If you have a cat, then you may be familiar with how dedicated they are to lying out in the sun. Forget handmade toys and futuristic water bowls, sometimes it seems that the only thing that can satisfy our feline friends is a warm patch of sun for them to nap in for hours on end. But did you know that a cat taking a snooze drenched in sun rays can actually cause more harm than good? POPSUGAR connected with two vets who spoke more about whether or not cats can get a sunburn.
Can Cats Get a Sunburn?
Anthony Hall, DVM, MPH, expert veterinarian at Airvet, shared that cats can, in fact, get a sunburn. “Regardless if your cat spends its time indoors or outdoors, it can indeed get a sunburn the same way people can,” Dr. Hall told POPSUGAR. He said that while all cats can potentially experience adverse effects from the sun, white-haired cats and hairless cats, such as those belonging to the Sphynx breed, tend to have the highest risk.
Because of this, if you have a cat that loves to spend hours soaking up the sun, it is very important that you make sure to stay aware of any signs that could indicate sun damage. Dr. Hall shared that these red flags can include darkening pigment of the skin and burns around the cat’s nose and lips. Just like humans, cats also have the potential to develop skin cancer over time from sun damage.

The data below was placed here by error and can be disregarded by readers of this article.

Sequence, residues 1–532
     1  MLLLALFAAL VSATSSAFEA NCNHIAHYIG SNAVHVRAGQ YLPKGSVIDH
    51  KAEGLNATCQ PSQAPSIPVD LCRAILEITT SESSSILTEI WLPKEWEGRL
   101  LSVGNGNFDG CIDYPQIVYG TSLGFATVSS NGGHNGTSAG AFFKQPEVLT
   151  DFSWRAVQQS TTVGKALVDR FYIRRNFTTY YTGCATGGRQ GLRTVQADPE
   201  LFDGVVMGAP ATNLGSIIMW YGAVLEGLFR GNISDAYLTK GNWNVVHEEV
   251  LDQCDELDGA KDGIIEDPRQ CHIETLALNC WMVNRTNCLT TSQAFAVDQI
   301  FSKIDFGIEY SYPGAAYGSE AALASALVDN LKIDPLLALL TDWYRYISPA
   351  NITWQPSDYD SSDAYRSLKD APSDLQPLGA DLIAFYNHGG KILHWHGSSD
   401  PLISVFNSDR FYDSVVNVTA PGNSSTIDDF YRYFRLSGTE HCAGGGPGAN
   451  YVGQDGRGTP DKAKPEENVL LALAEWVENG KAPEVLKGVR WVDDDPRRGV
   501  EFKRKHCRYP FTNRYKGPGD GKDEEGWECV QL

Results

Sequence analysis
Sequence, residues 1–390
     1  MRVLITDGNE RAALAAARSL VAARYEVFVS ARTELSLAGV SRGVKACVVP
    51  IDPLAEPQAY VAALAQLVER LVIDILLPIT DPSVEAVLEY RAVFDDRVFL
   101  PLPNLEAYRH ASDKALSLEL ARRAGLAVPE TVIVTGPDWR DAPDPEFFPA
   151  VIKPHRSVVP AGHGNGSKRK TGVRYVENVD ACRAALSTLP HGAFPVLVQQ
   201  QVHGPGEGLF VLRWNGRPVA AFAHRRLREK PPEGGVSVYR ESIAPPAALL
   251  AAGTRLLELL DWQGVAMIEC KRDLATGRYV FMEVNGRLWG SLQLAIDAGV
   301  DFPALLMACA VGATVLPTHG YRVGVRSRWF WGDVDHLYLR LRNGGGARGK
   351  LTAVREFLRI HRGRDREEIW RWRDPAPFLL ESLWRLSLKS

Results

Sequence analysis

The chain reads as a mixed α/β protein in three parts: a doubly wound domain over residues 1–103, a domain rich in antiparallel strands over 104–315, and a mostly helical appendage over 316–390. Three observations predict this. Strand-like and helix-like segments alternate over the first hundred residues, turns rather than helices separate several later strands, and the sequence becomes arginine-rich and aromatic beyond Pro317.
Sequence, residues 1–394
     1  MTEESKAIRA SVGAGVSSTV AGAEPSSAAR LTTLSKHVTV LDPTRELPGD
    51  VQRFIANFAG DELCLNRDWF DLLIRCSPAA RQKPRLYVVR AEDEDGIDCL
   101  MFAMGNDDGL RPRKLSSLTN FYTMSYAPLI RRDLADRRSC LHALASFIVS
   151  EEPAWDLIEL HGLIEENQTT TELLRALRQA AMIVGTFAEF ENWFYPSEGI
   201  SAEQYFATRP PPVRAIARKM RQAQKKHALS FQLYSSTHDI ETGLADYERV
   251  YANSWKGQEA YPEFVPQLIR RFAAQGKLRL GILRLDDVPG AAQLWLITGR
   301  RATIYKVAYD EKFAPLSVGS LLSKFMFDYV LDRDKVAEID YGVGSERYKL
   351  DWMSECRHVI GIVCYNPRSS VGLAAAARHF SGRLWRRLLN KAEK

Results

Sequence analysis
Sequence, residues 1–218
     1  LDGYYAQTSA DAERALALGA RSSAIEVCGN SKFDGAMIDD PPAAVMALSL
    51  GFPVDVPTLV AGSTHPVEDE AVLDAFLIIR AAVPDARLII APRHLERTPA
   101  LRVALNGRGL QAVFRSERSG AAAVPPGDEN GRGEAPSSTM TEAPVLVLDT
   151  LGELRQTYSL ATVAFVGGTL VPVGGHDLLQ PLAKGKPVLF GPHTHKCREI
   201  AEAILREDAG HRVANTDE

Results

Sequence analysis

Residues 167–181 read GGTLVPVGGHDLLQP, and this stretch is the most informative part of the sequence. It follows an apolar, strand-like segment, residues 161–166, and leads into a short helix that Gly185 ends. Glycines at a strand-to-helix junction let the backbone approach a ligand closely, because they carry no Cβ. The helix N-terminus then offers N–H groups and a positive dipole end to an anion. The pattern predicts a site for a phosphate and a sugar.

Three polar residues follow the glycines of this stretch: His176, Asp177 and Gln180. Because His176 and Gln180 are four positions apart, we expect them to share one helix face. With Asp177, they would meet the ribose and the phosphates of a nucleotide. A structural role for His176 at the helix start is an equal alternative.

How Can I Prevent My Cat From Getting a Sunburn?
Thankfully, there are some simple ways to help prevent your cat from getting a sunburn. Dr. Hall suggested that trying to keep your cat in the shade when it is sunny out and applying sunscreen to them is the best prevention owners can take. “A few attempts have been made for pet-friendly sunblock products, but as you can imagine, most are not feline friendly as cats tend to lick the product off their nose,” Dr. Hall cautioned.
Brian Bourquin, DVM, founder and chief medical officer at Boston Veterinary Clinic, also had some suggestions that can aid owners in helping their pet avoid sun damage. For instance, if your cat is an outdoor cat, be sure to set up a space with an umbrella for them to have quick access to shade. “If you have an indoor cat that loves to sit by the windows, which may not be UV protected, draw your blinds closed during the hours the sun is the strongest,” he added. He explained that this could motivate your cat to find another sun-free spot to lie in around the house.